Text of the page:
Do you suspect a child in your care may need treatment for autism? The child’s pediatrician is an excellent first recourse. While a primary care pediatrician generally won’t have the experience for a thorough workup, they can provide an initial screening. If they determine that further investigation is appropriate, they’ll likely refer the child to an autism specialist.
The Autism Test Process
Because autism is often more clear and problematic in children, the medical field tends to focus the bulk of their efforts on diagnosing autism in children. The necessary skills to diagnose autism in adults is somewhat more nuanced and rare, but many of the basics are the same. For that reason, the following description is a hybrid overview of the diagnostic process for both children and adults.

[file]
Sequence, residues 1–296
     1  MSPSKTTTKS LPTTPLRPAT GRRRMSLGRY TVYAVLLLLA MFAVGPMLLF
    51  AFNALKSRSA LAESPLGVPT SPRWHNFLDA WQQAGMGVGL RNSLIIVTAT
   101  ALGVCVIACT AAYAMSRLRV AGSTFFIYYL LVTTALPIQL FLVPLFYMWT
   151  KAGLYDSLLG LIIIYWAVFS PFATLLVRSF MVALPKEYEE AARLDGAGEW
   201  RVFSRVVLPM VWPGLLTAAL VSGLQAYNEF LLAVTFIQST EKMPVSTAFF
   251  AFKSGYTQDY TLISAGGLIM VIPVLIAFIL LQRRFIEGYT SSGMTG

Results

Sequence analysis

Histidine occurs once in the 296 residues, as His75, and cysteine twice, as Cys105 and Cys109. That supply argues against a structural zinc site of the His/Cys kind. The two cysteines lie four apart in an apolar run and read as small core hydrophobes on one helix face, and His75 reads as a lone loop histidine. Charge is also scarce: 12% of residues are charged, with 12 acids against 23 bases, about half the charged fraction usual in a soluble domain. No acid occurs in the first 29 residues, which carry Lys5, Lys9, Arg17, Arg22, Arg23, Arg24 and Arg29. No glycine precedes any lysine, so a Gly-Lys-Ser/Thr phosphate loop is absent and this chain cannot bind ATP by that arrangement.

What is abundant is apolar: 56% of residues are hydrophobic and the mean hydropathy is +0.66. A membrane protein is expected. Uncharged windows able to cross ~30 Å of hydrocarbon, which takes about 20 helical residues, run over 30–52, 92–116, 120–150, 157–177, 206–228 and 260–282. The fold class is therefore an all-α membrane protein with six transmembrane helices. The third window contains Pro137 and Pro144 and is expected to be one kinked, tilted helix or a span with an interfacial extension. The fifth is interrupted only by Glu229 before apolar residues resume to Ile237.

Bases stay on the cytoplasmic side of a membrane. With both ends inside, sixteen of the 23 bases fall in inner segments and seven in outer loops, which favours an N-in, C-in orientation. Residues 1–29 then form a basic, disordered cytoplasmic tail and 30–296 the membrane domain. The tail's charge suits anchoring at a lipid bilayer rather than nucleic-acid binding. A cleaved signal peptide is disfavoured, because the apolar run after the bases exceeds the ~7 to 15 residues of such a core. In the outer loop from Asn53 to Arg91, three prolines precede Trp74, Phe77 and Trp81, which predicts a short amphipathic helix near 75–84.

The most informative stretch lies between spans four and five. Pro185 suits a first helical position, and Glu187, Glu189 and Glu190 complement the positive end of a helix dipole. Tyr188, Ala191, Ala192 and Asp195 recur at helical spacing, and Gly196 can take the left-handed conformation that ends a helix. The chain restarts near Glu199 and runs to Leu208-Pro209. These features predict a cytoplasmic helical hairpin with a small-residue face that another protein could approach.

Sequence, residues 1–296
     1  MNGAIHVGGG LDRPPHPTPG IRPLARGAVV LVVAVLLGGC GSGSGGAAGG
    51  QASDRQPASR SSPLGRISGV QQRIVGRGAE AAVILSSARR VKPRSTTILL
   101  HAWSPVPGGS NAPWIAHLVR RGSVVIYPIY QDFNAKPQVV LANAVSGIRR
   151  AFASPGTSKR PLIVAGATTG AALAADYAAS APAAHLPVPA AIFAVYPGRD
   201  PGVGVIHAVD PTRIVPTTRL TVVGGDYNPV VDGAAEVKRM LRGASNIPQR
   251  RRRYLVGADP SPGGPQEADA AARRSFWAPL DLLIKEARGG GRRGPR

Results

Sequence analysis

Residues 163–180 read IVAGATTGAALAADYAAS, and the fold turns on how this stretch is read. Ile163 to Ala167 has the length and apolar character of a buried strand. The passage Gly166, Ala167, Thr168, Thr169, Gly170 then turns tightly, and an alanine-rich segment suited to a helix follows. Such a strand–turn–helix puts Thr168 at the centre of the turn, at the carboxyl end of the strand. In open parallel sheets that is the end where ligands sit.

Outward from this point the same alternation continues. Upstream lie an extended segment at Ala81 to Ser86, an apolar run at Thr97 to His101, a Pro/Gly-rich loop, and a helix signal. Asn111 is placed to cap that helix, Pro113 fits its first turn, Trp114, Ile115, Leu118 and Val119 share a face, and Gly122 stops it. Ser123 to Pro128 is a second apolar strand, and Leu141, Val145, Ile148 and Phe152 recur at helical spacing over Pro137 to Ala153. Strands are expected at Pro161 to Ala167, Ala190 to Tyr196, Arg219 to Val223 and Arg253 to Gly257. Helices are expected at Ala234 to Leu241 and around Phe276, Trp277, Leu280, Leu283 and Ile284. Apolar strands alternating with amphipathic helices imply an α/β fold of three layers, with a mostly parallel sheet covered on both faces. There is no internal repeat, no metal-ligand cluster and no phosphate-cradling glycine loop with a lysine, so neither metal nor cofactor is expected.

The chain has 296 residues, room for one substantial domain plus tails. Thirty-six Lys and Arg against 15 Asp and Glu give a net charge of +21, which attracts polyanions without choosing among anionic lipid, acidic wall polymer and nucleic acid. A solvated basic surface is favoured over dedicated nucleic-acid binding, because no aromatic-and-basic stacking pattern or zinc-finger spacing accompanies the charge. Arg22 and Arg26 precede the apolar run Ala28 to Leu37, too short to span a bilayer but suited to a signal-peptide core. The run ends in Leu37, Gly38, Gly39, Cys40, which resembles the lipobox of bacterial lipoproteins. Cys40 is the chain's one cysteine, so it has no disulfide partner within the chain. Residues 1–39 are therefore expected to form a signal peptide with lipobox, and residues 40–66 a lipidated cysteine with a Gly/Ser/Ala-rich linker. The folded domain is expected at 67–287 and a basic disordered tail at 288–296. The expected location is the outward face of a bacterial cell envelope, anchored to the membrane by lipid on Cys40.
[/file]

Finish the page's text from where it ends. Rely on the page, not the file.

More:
Assess the Specialists
If the initial signs point to a possible autism diagnosis, the next step is an initial screening. The screening can’t provide a diagnosis. It’s meant to rule out alternative diagnoses and determine the appropriate next steps—for example, which type of specialist should be consulted.
Due to the rapid, ongoing accumulation of medical data, it’s important to find an autism expert to conduct the full evaluation.
Academic centers are good places to find such experts. That’s because the academic medical staff is tasked simultaneously with patient care, research, publication, and teaching—all in their narrow specialty area.